Luckily for pint-sized viewers Dubois’ terrifying presence is balanced out by her sheer inhuman strength uncanny guiles and Stretch Armstrong flexibility (ah the wonder of cartoons) as well as Alex’s escape plan: the New Yorkers run away with the European circus. While Dubois’ terrifying Doberman-like presence looms over the entire film a sense of levity (which is a word the kiddies might learn from Stiller’s eloquent lion) comes from the plan for salvation in which the circus animals and the zoo animals band together to revamp the circus and catch the eye of a big-time American agent. Sure the pacing throughout the first act is practically nonexistent running like a stampede through the jungle but by the time we're palling around under the big top the film finds its footing.
The visual splendor of the film (and man is there a champion size serving of it) the magnificent danger and suspense is enhanced to great effect by the addition of 3D technology – and not once is there a gratuitous beverage or desperate Crocodile Dundee knife waved in our faces to prove its worth. The caveat is that the soundtrack employs a certain infectious Katy Perry ditty at the height of the 3D spectacular so parents get ready to hear that on repeat until the leaves turn yellow.
But visual delights and adventurous zoo animals aside Madagascar 3’s real strength is in its script. With the addition of Noah Baumbach (Greenberg The Squid and the Whale) to the screenwriting team the script is infused with a heightened level of almost sarcastic gravitas – a welcome addition to the characteristically adult-friendly reference-heavy humor of the other Madagascar films. To bring the script to life Paramount enlisted three more than able actors: Vitaly the Siberian tiger (Bryan Cranston) Gia the Leopard (Jessica Chastain) and Stefano the Italian Sealion (Martin Short). With all three actors draped in European accents it might take viewers a minute to realize that the cantankerous tiger is one and the same as the man who plays an Albuquerque drug lord on Breaking Bad but that makes it that much sweeter to hear him utter slant-curse words like “Bolshevik” with his usual gusto.
Between the laughs the terror of McDormand’s Captain Dubois and the breathtaking virtual European tour the Zoosters’ accidental vacation is one worth taking. Madagascar 3 is by no means an insta-classic but it’s a perfectly suited for your Summer-at-the-movies oasis.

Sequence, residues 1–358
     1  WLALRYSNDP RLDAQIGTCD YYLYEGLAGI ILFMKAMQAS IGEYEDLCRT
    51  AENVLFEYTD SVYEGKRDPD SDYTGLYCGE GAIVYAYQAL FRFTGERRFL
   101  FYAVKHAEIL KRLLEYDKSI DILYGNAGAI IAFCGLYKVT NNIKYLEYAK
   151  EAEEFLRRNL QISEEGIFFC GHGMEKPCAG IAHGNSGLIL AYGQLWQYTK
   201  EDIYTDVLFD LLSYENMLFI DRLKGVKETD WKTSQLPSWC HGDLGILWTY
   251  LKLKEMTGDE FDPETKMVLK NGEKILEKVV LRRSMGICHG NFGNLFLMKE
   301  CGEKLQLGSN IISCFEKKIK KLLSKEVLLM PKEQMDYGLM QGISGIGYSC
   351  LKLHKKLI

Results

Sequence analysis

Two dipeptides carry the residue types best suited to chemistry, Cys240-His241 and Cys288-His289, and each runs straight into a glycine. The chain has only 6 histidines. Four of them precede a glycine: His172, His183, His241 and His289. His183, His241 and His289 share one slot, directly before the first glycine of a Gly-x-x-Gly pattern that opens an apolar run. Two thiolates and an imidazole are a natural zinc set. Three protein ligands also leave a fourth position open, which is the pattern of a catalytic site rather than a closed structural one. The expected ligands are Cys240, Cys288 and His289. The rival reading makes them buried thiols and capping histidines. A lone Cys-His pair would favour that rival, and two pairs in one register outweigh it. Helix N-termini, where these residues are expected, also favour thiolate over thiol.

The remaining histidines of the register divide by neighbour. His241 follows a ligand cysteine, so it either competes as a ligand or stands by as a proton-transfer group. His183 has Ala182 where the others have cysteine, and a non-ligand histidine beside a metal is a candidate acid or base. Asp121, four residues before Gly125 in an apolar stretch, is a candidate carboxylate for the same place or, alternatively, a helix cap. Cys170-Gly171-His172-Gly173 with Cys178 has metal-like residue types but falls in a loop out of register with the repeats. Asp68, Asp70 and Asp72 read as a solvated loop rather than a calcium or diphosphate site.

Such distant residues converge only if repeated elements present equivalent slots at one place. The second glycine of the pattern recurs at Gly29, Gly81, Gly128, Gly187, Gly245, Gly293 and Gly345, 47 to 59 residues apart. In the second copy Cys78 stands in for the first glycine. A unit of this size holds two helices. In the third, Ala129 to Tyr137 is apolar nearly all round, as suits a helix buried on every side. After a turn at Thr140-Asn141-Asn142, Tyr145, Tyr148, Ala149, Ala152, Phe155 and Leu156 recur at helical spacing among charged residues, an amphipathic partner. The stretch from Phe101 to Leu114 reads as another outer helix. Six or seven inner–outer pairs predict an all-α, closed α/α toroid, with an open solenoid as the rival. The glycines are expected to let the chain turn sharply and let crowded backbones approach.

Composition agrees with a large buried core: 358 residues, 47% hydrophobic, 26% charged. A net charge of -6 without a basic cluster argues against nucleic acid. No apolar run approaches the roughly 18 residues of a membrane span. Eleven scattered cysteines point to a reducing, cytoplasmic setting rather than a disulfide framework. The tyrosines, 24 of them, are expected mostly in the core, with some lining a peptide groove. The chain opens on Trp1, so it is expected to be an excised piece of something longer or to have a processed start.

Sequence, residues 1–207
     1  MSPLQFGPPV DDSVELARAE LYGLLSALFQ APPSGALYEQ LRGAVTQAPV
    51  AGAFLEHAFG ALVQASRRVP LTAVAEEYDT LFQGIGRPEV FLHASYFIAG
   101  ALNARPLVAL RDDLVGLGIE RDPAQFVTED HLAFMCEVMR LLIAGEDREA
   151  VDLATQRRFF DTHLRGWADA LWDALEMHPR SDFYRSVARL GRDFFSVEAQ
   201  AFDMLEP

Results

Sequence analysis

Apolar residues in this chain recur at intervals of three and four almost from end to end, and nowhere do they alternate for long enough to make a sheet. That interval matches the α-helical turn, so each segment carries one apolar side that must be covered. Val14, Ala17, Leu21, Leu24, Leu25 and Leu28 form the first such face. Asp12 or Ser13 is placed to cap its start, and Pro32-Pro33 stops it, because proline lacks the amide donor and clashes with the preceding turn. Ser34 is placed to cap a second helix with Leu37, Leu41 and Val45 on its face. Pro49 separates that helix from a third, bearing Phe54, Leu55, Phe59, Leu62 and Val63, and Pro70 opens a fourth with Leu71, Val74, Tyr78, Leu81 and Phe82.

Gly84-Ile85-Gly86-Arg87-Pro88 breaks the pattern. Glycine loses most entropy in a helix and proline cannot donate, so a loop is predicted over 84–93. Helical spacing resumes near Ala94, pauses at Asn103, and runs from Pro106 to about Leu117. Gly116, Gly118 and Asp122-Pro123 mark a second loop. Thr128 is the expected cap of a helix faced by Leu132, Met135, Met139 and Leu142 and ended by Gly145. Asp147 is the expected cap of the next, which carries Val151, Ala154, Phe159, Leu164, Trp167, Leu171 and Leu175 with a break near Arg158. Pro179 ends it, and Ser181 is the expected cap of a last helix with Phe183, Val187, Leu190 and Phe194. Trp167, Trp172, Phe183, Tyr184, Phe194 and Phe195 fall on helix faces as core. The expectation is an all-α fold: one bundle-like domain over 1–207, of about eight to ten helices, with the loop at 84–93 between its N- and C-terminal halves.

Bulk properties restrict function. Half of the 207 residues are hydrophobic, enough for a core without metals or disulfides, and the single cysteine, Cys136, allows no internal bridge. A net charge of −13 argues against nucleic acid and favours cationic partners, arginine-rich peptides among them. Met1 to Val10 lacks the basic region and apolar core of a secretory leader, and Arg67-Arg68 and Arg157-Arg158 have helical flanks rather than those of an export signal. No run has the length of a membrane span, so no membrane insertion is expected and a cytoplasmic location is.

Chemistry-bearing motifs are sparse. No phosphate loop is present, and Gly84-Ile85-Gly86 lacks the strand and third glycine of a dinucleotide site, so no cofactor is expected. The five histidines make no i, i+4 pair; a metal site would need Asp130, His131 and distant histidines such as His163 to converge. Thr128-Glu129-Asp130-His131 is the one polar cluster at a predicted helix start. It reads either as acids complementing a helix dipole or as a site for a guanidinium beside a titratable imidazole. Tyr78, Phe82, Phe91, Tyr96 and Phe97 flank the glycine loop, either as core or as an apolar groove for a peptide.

At some point in the early years of the 21st century a bunch of Hollywood executives must have gotten together and decided that animated films should be made for all audiences. The goal was perhaps to make movies that are simultaneously accessible to the older and younger sets with colorful imagery that one expects from children’s films and two levels of humor: one that’s quite literal and harmless and another that’s somewhat subversive. The criteria has resulted in cross-generational hits like Wall-E and Madagascar and though it’s nice to be able to take my nephew to the movies and be as entertained by cartoon characters as he is I can’t help but wonder what happened to unabashedly innocent animated classics like A Goofy Movie and The Land Before Time?
Disney’s Winnie The Pooh is the answer to the Shrek’s and Hoodwinked!’s of the world: a short sweet simple and lighthearted tale of friendship that doesn’t need pop-culture references or snarky dialogue to put a smile on your face. Directors Stephen J. Anderson and Don Hall found some fresh ways to deliver adorable animation while keeping the carefree spirit of A.A. Milne’s source material in tact. Their story isn’t the most original; the first part of the film finds Pooh Piglet Tigger and Owl searching for Eeyore’s tail (a common plot point in the books and past Pooh films) and hits all the predictable notes but the second half mixes things up a bit as the crew searches for a missing Christopher Robin whom they believe has been kidnapped by a forest creature known as the “Backson” (it’s really just the result of the illiterate Owl or is it?).
The beauty of hand-drawn animation all but forgotten until recently is what makes Winnie the Pooh so incredibly magnetic. There’s an inexplicable crispness to the colors and characters that CG just can’t duplicate. It’s a more personal practice for the filmmakers and should provide a refreshing experience for audiences who have become jaded with the pristine presentation of computerized imagery. The film is bookended by brief live-action shots from inside Robin’s room an interesting dynamic that plays up the simplicity of youth ties it to these beloved characters and brings you right back to memories of your own childhood.
With a just-over-an-hour run time Winnie the Pooh is short enough to hold the attention of children but won’t bore the parents who will love the film mainly for nostalgic musings. Still it’s the young’uns who will most enjoy this breezy bright and enchanting film that proves old-school characters can appeal to new moviegoers.